This blog has long pointed out that costs of automating work functions have plummeted just as the costs of labor and benefits have escalated. Naturally, many businesses will invest in tech to lower costs.
Investments in automation were going to be happening anyway – but various labor laws are encouraging the adoption of automation more rapidly than it might otherwise occur. The result will be the loss of “starter” jobs which tend to be low skilled retail services where many of us developed our first work experiences and skills.
Says Rahm Emanuel, former Chicago Mayor, Congressional Representative and former Obama Chief of Staff, said this in this news interview. Laid off workers should “Learn to code”.
He’s likely correct that due to structural changes accelerated by the pandemic, many retail jobs may not return. The U.S. had way too many square feet of business space devoted to retail, as compared to other developed nations before the pandemic.
Now with online ordering and delivery services, much of retail is irrelevant. This was going to happen away – but a variety of events accelerated the trend. $15 minimum wage plus mandated benefits dramatically increases labor costs (a variable cost) just as the cost of automation have plummeted (a mostly fixed cost).
It is sort of a “no brainer”  – automation, online ordering, even using an app while sitting at a restaurant table – all of these will reduce the need for lower skilled labor.
Having done the virtual equivalent of printing a few trillion $s to paper over the pandemic policy induced recession, apparently this will be paid off via inflation.
Inflation causes the devaluation of the currency you hold – and in effect, taxes everyone that is holding cash.
This means that today’s debts will be paid off with future cheaper dollars. Inflation is good for those who have debts such as the U.S. government and bad for those holding cash.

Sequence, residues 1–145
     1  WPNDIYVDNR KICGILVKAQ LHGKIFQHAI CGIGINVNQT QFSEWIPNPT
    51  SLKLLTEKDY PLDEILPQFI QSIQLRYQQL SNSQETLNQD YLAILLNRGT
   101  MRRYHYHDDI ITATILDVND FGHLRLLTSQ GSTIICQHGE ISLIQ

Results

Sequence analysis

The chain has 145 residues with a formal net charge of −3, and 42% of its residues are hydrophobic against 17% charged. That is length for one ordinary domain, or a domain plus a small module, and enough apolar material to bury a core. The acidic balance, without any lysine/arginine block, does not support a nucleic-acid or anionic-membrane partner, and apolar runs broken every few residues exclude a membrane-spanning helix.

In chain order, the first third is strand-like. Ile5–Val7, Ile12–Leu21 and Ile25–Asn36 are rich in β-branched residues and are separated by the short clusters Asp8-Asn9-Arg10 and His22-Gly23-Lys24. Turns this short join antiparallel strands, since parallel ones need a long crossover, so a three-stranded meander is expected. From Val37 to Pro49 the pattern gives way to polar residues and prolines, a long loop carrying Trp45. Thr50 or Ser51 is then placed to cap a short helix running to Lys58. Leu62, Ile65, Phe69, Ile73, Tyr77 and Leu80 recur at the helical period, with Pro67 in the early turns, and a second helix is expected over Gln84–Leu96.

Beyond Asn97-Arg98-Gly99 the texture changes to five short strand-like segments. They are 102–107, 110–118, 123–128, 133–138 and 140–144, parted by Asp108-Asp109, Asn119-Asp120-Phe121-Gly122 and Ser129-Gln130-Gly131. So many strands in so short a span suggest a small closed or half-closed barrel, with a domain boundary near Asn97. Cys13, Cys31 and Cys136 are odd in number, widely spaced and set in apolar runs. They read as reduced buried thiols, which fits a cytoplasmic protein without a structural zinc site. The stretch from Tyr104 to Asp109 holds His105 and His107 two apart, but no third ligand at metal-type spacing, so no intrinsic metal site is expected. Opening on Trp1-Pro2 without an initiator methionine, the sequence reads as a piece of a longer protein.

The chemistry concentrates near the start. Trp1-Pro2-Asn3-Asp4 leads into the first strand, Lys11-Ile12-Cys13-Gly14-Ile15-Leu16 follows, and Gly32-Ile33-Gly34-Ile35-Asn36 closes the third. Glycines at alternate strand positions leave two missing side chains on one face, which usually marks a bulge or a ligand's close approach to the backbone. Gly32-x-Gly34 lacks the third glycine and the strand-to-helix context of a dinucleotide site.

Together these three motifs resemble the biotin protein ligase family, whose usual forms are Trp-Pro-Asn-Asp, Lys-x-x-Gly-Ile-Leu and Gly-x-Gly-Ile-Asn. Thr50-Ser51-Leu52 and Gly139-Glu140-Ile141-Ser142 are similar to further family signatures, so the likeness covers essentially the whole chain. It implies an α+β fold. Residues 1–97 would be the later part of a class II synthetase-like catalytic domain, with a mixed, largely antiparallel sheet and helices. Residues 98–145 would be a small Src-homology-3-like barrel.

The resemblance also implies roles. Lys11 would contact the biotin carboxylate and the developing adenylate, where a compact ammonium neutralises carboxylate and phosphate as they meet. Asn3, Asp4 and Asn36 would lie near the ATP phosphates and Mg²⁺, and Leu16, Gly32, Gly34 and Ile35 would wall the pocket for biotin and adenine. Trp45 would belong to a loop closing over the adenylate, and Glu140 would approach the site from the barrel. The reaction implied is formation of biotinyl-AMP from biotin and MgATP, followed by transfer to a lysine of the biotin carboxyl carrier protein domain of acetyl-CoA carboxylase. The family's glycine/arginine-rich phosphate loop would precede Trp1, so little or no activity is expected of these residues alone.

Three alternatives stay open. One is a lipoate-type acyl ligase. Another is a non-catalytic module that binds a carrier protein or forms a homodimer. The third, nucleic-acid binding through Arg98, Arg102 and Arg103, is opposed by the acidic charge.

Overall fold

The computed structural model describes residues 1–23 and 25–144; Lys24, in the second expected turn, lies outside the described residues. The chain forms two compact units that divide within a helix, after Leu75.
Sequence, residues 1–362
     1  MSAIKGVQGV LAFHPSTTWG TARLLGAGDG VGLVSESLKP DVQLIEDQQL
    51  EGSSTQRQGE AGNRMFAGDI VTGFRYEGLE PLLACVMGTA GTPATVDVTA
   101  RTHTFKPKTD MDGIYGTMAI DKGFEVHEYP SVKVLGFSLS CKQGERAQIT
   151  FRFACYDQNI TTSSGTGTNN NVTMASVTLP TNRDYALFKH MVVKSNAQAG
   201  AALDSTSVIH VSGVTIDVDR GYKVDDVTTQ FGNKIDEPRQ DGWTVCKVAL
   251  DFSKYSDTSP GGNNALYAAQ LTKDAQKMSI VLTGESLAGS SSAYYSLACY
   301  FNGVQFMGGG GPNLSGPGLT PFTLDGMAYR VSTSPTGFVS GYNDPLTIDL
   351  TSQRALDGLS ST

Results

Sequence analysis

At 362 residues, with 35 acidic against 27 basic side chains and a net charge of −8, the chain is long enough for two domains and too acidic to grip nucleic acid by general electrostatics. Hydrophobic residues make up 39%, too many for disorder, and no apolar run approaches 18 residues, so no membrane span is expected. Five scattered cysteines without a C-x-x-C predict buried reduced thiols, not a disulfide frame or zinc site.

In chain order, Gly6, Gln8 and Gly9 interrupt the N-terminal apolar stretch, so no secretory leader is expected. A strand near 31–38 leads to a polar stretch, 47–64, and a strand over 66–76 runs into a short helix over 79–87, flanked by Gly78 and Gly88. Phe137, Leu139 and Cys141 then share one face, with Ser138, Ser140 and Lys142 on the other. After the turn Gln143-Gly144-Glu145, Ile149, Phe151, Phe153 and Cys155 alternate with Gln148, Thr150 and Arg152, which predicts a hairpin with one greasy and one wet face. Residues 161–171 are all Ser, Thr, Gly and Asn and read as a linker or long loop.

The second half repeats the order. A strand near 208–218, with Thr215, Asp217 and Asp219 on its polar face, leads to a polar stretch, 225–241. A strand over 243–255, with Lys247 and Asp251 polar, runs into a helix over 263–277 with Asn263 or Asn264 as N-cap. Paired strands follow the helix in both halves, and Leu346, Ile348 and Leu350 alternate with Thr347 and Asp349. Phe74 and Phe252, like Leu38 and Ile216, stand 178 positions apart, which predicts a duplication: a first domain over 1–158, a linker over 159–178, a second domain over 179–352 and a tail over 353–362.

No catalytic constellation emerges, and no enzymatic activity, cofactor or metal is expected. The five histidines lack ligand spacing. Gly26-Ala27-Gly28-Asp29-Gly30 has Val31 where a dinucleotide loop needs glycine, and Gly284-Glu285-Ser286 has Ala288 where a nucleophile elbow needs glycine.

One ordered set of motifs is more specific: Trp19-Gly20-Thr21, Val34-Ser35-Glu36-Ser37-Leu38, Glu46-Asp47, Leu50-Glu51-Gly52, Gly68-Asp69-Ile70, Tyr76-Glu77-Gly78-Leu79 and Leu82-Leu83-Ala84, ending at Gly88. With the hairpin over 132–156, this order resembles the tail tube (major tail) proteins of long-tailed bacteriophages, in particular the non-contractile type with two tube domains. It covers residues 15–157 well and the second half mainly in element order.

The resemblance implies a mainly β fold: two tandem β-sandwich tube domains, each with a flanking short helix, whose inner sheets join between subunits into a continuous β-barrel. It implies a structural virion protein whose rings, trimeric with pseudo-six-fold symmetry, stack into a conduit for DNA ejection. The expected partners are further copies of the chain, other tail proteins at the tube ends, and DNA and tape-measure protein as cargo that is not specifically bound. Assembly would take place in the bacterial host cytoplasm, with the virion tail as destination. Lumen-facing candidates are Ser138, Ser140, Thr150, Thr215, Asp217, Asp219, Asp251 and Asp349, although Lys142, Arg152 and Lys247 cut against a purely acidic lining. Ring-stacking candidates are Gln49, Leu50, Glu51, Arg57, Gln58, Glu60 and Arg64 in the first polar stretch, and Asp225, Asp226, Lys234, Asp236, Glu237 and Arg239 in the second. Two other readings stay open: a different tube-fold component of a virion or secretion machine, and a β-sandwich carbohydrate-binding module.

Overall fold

During inflation (reducing the value of dollars), holding real assets is preferable to holding cash. Because the value of those assets will rise proportional to the devaluation of the currency, all else being equal.
“If you take cash, on the other hand, and you think about it from a purchasing power standpoint, if you own cash in the world today, you know your central bank has an avowed goal of depreciating its value 2% per year,” Jones said in May. “So you have, in essence, a wasting asset in your hands.”
Conversely, inflation rewards those who hold debt – because debts will be paid off in future devalued dollars.
Of course, there is a lot of hand waving going on that “this time its different”. Seems like we’ve heard that phrase before … the current theory is that if no one spends much money, then there is little demand to drive inflation.
That may be true in the short term – there are some items I am interested in buying but they remain in short supply due to supply chain disruptions, so I’m am not buying. Also, this was the year I had planned on – at long last – learning to travel. But all trips were canceled for the year and travel does not look to be fun or convenient for at least another 6-9 months. When supply chains restart and refill and activities like travel and going to restaurants become possible again, will that demand suddenly ramp up?
Nobel economist Paul Krugman, Election night, 2016, writing in the NY Times:
Nobel economist Paul Krugman, July 28, 2020:
As Talib has observed, most economics prognosticators do okay for some number of years – mostly due to luck – and then reality hits. I used to enjoy reading Krugman’s columns but he increasingly went off the rails into politicized nutty land.
I agree with concerns over today’s stock market valuations, however a size-able part of this is the expectation of future inflation due to governments’ mammoth money printing required to accommodate their pandemic policies’ economic destruction.
Actual for May: an increase of 2.5 million jobs and unemployment falling to 13.3%. Same for Canada too.
Economists and their computer models were off in space.
Since much of the country had not yet “re-opened” after public health sociopaths flattened the economy, this is a good number. By June, many more areas are re-opening – will be interesting to see the unemployment figures for June.
Update – I see one financial analyst thinks “It’s different this time” and there is little risk of inflation. So there is that view too. Deflation is certainly likely in the shorter term due to suppressed demand (retail sales and services fell by over 16% in April).
Why the stock market rise? Probably because of future inflation. The U.S. government is printing money like crazy – calling it an “economic stimulus”.
Chart of the U.S. Money Supply from U.S. Federal Reserve:
How will these trillions in spending be paid for? Inflation.
Inflation devalues the dollar making today’s debt’s cheaper to pay off in the future. Governments have always done this. Will this be what happens this time? Who knows for sure?
Inflation taxes everyone simultaneously by lowering the purchasing power of the dollars they hold.